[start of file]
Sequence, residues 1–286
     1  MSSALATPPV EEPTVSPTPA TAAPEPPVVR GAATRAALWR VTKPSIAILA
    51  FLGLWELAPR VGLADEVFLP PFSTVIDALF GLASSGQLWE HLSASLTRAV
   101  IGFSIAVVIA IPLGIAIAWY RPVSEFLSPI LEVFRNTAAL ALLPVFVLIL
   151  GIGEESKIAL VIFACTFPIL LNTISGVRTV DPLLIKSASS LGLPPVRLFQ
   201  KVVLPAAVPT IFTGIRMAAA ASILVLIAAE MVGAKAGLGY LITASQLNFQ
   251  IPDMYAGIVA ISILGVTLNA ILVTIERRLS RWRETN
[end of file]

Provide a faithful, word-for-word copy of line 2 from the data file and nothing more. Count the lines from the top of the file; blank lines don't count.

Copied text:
     1  MSSALATPPV EEPTVSPTPA TAAPEPPVVR GAATRAALWR VTKPSIAILA